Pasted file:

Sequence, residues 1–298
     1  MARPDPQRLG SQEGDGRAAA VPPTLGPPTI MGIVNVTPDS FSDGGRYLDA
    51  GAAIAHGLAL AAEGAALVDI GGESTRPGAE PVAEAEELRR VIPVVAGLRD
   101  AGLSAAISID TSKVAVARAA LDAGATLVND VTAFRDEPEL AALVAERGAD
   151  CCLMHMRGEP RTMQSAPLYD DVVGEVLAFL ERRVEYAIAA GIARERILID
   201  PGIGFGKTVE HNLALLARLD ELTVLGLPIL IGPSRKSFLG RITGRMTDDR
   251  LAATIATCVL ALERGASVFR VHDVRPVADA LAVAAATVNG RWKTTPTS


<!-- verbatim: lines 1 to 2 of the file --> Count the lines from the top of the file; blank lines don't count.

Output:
Sequence, residues 1–298
     1  MARPDPQRLG SQEGDGRAAA VPPTLGPPTI MGIVNVTPDS FSDGGRYLDA